Former Main Event champs Jonathan Duhamel, Scotty Nguyen, Dan Harrington and Johnny Chan all busted out of the tournament.

Boston Celtics captain Paul Pierce learned the hard way that it doesn't take long to go from a sizable chip stack to no chip stack at all. Just prior to the dinner break, Pierce had close to 90,000 chips. Two hours later, he was eliminated from the tournament. All is not lost for Pierce, however. With the NBA in the midst of what is expected to be a lengthy lockout, he will have plenty of time to work on his poker game.

Eric Baldwin busted out of the tournament when his straight draw ran into Matt Livingston's nut flush. Sammy Farha was eliminated when his nut flush draw and top pair (aces) couldn't catch up with David O'Neill's set of eights.

Tatjana Pasalic didn't survive the first level. Neither did Allen Kessler. Andy Bloch, Marcel Luske, Filippo Candio, Bernard Lee, Barry Shulman, Andrew Robl, Gavin Smith, Bill Chen and Maria Ho were among the other notable players who failed to advance to Day 3 of the tournament.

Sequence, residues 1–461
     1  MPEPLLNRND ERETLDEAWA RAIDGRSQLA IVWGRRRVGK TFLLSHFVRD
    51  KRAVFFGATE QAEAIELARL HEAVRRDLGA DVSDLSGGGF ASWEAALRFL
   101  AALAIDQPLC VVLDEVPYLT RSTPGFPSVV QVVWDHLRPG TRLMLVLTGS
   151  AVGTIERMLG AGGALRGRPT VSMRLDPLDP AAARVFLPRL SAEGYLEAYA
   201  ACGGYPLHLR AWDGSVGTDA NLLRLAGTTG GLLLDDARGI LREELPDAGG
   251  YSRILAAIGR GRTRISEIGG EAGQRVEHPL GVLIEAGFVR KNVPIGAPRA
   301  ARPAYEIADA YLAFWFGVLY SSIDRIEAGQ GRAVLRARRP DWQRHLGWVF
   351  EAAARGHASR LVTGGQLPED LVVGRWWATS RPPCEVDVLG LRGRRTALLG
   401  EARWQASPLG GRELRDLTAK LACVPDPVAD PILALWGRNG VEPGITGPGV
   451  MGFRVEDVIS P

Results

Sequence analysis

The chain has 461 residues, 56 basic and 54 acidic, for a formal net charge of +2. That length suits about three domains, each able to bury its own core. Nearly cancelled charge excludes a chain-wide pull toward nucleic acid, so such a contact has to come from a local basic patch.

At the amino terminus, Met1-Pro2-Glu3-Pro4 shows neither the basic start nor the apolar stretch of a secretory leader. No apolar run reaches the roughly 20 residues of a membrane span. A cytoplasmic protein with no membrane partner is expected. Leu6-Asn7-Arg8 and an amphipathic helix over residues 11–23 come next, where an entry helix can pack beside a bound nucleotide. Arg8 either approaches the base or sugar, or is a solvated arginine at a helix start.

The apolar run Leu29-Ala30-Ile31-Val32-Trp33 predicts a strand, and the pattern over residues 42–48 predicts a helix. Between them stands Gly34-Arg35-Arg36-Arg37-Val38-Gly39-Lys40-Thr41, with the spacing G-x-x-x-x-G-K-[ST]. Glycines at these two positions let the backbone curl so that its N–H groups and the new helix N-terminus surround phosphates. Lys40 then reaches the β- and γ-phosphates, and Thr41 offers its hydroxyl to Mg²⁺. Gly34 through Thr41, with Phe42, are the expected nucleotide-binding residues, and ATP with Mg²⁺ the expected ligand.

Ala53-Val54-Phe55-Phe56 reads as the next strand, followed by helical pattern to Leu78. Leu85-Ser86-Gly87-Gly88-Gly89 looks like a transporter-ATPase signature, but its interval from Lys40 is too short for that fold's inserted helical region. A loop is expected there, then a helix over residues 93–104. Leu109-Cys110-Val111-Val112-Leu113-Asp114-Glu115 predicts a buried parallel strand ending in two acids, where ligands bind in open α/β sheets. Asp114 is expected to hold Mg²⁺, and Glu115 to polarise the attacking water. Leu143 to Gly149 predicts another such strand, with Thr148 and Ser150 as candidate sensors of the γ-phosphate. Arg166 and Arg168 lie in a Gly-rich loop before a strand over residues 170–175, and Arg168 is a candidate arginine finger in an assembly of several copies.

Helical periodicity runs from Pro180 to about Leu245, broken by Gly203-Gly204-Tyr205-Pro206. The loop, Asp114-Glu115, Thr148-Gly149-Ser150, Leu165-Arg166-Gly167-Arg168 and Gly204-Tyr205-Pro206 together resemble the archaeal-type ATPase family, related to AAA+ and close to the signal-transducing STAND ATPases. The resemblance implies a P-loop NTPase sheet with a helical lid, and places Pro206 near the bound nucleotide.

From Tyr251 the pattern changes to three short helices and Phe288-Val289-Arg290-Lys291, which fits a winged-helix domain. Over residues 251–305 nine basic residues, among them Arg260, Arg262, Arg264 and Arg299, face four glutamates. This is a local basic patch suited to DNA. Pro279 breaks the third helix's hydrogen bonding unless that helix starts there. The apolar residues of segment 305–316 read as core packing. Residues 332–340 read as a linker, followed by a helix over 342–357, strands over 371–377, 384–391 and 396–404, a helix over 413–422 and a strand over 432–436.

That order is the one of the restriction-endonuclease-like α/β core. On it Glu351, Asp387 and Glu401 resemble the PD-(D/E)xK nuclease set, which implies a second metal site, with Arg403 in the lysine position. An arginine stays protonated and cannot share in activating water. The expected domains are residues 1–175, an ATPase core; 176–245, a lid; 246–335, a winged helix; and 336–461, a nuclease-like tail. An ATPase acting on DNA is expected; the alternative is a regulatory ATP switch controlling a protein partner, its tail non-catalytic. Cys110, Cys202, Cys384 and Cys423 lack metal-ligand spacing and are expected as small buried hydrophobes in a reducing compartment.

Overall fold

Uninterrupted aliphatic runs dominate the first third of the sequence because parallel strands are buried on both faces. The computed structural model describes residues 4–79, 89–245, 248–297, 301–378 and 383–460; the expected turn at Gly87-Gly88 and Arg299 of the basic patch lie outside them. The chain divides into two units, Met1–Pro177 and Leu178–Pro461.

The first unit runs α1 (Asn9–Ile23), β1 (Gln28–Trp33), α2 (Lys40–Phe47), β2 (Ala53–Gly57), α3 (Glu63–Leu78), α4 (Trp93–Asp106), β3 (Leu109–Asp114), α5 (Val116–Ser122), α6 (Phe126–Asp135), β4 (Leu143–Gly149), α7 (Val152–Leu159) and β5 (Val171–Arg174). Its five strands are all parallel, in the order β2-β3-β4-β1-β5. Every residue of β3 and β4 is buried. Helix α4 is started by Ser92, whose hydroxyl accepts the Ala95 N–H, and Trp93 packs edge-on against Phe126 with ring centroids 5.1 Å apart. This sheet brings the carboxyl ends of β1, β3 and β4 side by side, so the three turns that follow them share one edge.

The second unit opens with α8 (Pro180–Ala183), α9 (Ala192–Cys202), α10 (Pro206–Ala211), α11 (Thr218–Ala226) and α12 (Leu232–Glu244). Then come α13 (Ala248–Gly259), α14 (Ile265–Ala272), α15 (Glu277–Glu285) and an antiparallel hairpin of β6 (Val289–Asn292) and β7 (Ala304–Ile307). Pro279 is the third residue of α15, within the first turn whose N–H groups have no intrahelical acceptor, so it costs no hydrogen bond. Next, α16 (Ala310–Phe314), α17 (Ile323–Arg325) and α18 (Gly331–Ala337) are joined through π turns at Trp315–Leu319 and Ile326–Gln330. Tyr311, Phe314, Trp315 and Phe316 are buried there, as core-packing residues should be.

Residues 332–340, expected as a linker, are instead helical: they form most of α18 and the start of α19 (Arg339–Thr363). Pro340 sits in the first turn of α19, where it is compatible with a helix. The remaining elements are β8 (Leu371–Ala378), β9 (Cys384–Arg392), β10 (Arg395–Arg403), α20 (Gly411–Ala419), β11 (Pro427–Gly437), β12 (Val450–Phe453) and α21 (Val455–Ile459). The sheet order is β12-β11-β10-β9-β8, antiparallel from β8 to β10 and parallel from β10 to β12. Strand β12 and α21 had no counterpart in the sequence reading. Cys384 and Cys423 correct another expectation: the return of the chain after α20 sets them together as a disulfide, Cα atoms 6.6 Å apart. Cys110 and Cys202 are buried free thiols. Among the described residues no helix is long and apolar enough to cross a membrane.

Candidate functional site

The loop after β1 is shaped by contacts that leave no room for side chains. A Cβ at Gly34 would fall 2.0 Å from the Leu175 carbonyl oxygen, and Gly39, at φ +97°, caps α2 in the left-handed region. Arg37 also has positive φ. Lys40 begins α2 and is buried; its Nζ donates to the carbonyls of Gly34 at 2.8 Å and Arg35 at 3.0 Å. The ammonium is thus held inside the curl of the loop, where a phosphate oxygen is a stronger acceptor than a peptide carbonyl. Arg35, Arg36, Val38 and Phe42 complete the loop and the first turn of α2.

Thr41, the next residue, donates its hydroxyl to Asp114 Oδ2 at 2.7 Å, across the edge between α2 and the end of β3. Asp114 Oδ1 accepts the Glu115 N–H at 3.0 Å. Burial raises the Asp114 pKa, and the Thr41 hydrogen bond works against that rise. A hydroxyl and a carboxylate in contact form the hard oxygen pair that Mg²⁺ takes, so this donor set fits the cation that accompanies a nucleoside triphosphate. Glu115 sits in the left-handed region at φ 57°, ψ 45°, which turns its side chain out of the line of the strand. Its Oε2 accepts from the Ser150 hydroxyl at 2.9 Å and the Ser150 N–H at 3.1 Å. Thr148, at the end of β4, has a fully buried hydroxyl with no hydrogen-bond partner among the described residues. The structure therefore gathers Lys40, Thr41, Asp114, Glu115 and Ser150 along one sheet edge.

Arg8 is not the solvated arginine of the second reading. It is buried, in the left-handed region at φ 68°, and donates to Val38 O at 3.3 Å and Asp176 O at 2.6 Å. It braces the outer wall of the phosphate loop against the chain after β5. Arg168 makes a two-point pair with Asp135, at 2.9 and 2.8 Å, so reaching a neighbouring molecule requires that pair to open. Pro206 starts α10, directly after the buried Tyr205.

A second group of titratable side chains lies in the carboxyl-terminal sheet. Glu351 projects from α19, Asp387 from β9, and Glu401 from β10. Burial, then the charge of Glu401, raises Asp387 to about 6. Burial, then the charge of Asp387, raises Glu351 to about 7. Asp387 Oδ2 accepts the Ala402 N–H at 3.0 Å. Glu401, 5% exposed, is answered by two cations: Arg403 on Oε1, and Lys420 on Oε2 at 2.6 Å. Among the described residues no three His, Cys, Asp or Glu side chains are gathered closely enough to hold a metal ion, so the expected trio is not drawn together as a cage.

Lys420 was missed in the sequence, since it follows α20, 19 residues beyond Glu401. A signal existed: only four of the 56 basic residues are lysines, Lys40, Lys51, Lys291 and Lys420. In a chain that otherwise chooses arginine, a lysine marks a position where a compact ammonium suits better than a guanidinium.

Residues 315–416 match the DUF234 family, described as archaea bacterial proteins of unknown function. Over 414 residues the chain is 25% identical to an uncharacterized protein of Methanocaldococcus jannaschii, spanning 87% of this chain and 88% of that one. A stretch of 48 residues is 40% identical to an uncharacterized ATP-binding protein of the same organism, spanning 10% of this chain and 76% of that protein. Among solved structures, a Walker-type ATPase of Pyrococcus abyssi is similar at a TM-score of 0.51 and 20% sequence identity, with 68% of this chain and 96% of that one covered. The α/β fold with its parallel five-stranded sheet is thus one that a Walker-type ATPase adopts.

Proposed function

Hellmuth fighting back from costly error is republished from Online.CasinoCity.com.
Related Links
Recent Articles
Best of Vin Narayanan
Vin Narayanan

Vin Narayanan is the managing editor at Casino City. When he's not writing or editing stories, he likes to play Chinese Poker, Badugi, Razz and any other "non-traditional" poker game. He also thinks blackjack is his best game and loves game theory.

Before joining Casino City, Vin covered (not all at the same time) sports, politics and elections, wars, technology, celebrities and the Census for USATODAY.com, USA WEEKEND and CNN.

A proud graduate of Michigan State University, Vin can be found on most nights and weekends trying to find a way to watch the Spartans play football or basketball.

Vin Narayanan
Vin Narayanan is the managing editor at Casino City. When he's not writing or editing stories, he likes to play Chinese Poker, Badugi, Razz and any other "non-traditional" poker game. He also thinks blackjack is his best game and loves game theory.

Before joining Casino City, Vin covered (not all at the same time) sports, politics and elections, wars, technology, celebrities and the Census for USATODAY.com, USA WEEKEND and CNN.

A proud graduate of Michigan State University, Vin can be found on most nights and weekends trying to find a way to watch the Spartans play football or basketball.